According to the Vietnam Cinema Department, more than 20 international productions have shot in the country each year for the past few years. In 2018, the list included Disney’s Artemis Fowl directed by Kenneth Branagh and due for release in May 2020, which shot partially in Ho Chi Minh City, and one episode of NBC’s network drama series This Is Us.

More recently, Vantage Pictures serviced a job for The Coca-Cola Company. “We shot in Can Tho, the largest city in the Mekong Delta, famous for its fertile land and floating markets. We shot for three days capturing the beauty of the river the its people,“ reveals Duong.

Currently, the company are producing a mostly studio build shoot for camera company Insta360. “One of the benefits to shooting in Vietnam is the affordability of local crew, including Art Department,“ he says. “On this job, are working with a challenging budget, but are still able to pull off a global look for this product launch film,“ Duong adds. 

Infrastructure and crews

Vietnam’s film industry is young but growing rapidly, churning out 45 films last year. The development of the local film sector is also being driven by South Korea’s CJ Entertainment, which has set up shop in the country, partly for the local remakes of its Korean titles such as Miss Granny and Sunny, both of which became huge local hits. The local production crews are not (yet) as skilled as those from Malaysia, Singapore and Thailand, but their willingness to learn and hard-working, friendly natures go a long way to making up for it. Local production costs remain relatively low and a wide range of hotels and restaurants will meet the budget and standard of any production.

The CREATV Company prides itself on being the longest-established private production service in Vietnam. “We are happy to bring you to any location in the country – no matter how off-the-beaten-path or remote – and can advise from every stage of script development; and how to present your content in order to secure the necessary permits,“ explains KHAHN.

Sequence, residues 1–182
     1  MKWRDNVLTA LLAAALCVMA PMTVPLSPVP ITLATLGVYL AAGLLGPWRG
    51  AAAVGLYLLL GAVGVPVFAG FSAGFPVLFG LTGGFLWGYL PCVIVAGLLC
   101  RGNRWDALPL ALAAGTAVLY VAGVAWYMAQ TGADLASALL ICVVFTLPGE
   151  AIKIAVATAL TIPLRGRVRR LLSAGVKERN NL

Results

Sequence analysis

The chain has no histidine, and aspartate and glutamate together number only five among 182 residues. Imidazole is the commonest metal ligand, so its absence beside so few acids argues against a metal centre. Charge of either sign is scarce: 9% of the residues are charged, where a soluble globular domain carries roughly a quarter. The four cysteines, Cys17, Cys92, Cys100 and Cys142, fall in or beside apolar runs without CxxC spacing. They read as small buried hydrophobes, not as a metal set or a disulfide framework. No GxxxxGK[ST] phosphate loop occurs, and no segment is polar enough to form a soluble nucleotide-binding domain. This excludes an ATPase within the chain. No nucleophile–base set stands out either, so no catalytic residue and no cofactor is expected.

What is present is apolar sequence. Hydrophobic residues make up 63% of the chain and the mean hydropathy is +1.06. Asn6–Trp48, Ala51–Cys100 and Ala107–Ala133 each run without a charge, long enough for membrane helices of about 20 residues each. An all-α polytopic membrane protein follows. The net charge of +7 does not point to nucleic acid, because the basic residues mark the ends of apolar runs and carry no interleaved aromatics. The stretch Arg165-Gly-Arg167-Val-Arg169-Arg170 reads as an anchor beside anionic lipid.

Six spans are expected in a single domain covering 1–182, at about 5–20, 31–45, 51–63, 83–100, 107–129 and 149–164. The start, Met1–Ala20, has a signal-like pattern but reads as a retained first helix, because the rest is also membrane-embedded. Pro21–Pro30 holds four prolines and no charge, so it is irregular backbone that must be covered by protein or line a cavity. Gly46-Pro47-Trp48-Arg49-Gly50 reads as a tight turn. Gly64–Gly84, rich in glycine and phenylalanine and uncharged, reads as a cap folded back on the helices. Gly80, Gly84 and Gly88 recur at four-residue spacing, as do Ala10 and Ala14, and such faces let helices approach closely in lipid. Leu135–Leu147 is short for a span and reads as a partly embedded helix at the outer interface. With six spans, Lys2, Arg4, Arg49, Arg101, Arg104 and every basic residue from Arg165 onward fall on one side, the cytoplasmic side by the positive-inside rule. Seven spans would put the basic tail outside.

In terms of workplace developments, Vantage Pictures' Duong adds that the film industry has new regulations to provide better and safer working conditions for crew. “15 hours is now considered a regular working day (which is still longer than most other countries) and crew has a hard out at 18 hours,“ he reveals. 

Acquiring permits and dealing with local authorities is a must in any country and Vietnam is no exception, Duong highlights. “Working with a good local production house is important to get all the local permitting done, he says. “Generally speaking, commercial and short form content film permits can be expedited to around two weeks, while crew visas can be acquired within 3-5 days.“ Additionally, Vietnam now has eVisa available to over 80 countries.

Size matters

Located on the eastern edge of the Indochinese peninsula, Vietnam is a long, narrow country that stretches along the South China Sea. Two of the country’s largest rivers, Mekong and Red, end at the South China Sea deltas, which are home to most of the country’s population.

First person to contact

Le Thi Thu Ha, Vietnam Cinema Department